I think my favorite Sunday of the year is this Sunday. It is when the sanctity of life Sunday meets Martin Luther King day... Two of my most impassioned subjects in life. My kids, both birth and adopted, have beautiful stories to tell regarding the value of their life in the face of what society said was not worth saving. The statistics say that most families faced with the impending birth of a child who is going to have a disability will not choose life for that baby. Madeline Murray O'hare who had much influence in the abortion rights movement, had a plan to eliminate the African American population in our country by encouraging abortions--knowing that many African American adults were living in poverty and the poorest of the Americans would be the most likely to seek an abortion.
I thank each of the birth mothers of our adopted children for choosing life despite what our society says. "How could you give up a child?" Those words must sting everytime one of the kids' birthmoms hear that. I pray for them and thank God that he helped them to be strong enough to go against the mainstream and choose life.
My birthday often lands on the Sanctity of life Sunday or on the Martin Luther King Holiday. This year it is on MLK day. I, too, have a story to tell regarding my own birth. My family lived in Ohio, away from extended family, when my mother became pregnant with me. There were already five other children in the family and just a few years earlier, my mother had a difficult pregnancy when carrying my sister.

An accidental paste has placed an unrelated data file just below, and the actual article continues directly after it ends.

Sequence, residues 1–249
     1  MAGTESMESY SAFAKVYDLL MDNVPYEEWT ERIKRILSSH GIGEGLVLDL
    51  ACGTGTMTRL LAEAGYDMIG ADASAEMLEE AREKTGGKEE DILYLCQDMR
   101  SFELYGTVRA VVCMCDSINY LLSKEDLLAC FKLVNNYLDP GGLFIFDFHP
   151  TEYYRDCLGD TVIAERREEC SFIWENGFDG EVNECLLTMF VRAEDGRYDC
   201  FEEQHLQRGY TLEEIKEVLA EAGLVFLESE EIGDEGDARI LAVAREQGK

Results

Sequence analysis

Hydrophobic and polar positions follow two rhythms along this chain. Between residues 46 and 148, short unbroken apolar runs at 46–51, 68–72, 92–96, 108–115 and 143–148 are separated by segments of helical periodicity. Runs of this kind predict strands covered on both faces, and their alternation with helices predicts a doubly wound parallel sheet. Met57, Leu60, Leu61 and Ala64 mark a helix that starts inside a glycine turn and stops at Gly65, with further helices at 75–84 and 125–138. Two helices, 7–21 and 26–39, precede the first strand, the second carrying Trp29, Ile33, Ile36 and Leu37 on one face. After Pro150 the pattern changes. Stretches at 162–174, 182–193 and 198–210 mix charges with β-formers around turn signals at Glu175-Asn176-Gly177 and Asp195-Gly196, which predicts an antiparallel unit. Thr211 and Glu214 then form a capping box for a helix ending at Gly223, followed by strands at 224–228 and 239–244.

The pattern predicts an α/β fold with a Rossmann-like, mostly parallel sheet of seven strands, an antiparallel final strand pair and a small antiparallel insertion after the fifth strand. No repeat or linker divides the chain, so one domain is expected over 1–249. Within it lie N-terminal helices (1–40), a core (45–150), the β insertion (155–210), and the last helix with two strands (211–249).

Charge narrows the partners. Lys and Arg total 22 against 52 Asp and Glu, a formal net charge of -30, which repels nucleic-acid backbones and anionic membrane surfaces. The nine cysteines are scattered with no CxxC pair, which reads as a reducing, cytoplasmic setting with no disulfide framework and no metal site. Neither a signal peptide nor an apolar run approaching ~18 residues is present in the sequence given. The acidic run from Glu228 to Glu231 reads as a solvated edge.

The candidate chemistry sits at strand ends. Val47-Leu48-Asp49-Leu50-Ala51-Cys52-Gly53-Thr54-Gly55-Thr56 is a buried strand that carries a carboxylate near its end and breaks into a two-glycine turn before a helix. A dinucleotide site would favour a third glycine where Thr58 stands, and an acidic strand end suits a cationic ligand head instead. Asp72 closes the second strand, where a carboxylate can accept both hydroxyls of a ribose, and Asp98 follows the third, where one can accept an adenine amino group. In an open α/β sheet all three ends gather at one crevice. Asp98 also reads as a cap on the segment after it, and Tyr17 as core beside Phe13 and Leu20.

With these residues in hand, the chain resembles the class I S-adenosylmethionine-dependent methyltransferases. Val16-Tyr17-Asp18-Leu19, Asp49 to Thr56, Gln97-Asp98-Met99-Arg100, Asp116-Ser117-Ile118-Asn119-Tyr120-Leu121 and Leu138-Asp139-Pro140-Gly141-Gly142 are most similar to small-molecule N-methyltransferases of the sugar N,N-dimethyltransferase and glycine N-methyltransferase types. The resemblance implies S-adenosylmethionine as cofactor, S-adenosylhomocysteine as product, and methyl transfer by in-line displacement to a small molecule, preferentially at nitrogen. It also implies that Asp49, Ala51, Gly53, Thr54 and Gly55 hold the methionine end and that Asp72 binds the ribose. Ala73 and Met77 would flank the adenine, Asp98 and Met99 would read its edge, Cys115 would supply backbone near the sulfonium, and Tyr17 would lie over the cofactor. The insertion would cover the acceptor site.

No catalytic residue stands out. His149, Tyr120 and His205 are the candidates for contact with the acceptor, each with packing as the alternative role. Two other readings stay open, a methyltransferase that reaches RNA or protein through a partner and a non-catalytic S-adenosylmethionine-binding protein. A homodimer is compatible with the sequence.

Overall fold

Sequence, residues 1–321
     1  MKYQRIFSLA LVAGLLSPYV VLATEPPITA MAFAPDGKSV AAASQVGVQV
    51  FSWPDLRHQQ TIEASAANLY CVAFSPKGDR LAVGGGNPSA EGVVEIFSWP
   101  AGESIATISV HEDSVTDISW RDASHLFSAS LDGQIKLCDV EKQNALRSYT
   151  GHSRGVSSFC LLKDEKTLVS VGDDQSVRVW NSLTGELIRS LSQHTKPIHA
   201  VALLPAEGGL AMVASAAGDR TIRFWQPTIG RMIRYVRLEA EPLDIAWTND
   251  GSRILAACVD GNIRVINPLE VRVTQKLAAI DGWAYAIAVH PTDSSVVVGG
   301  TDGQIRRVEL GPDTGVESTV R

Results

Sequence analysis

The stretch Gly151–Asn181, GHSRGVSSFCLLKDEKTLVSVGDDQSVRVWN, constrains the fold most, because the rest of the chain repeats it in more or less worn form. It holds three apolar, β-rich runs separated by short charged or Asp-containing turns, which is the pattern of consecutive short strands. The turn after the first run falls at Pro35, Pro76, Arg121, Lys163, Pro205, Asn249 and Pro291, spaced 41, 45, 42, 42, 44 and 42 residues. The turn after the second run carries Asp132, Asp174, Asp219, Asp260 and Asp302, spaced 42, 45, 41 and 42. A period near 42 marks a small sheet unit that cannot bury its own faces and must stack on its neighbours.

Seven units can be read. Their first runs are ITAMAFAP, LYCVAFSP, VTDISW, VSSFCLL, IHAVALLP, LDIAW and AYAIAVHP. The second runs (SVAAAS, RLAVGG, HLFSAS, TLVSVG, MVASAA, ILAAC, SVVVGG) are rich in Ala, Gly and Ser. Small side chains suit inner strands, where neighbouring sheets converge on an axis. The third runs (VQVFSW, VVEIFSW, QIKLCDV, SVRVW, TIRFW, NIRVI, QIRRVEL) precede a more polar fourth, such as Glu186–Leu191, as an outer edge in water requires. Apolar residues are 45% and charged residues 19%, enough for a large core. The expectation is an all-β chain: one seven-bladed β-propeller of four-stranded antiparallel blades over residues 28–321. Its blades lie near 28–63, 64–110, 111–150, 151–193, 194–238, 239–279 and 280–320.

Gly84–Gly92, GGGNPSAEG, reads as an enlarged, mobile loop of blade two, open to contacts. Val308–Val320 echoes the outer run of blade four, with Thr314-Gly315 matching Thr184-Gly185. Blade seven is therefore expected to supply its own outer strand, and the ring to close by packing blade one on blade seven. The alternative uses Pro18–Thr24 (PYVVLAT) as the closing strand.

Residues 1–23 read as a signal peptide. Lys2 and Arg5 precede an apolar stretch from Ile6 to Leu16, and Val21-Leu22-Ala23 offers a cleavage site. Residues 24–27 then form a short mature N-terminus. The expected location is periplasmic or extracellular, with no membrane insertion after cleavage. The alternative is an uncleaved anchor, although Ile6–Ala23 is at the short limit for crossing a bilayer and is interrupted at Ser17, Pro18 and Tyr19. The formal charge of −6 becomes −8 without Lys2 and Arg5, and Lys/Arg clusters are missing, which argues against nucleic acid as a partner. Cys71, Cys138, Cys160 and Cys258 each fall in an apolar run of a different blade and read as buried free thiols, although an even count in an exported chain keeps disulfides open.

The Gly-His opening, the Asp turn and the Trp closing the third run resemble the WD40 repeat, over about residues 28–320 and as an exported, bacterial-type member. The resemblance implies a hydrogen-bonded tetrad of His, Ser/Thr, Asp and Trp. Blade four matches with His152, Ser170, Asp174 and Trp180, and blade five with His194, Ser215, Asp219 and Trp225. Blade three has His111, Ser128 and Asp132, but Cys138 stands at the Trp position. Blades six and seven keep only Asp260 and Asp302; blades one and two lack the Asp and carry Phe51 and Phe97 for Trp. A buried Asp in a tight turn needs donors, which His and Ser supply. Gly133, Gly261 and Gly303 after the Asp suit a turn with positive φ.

My mother developed a blood clot in her leg that was life threatening. The doctors advised her to have an abortion. My mother was adament that she would not abort even though she spoke to the priest and he said it was admissable because of the threat to the life of the mother and baby. My mother was faced with the reality that she and I could both die if she continued with the pregnancy and she would leave five young children behind.
So, my whole family moved back to Minnesota. My mother had plans for what extended relatives would help take the childcare responsibilities. My birth went much better than expected and we both survived without any long term issues.
Twenty eight years later, I found myself in a doctors office with a doctor telling me that we should consider "termination" of the pregnancy because our daugther, McKenna, had a serious born birth "defect" and would not have any "quality" of life. She would not suck or swallow or ever live on her own. She most likely would die in utero. We choose life on that day and have never looked back except to give thanks for the incredible gift our daughter has been to us over the years.
It is 16 years later and we have committed our lives to putting action to our words as we support our belief in the sanctity of all life. Each of us who believe passionately in right to life need to consider their role in supporting the cause--there are so many ways that we can help. If we are truly doing our part sacrificially, maybe someone will listen to the message we share.
I just want my life to proclaim that all life is of value...no matter what the situation...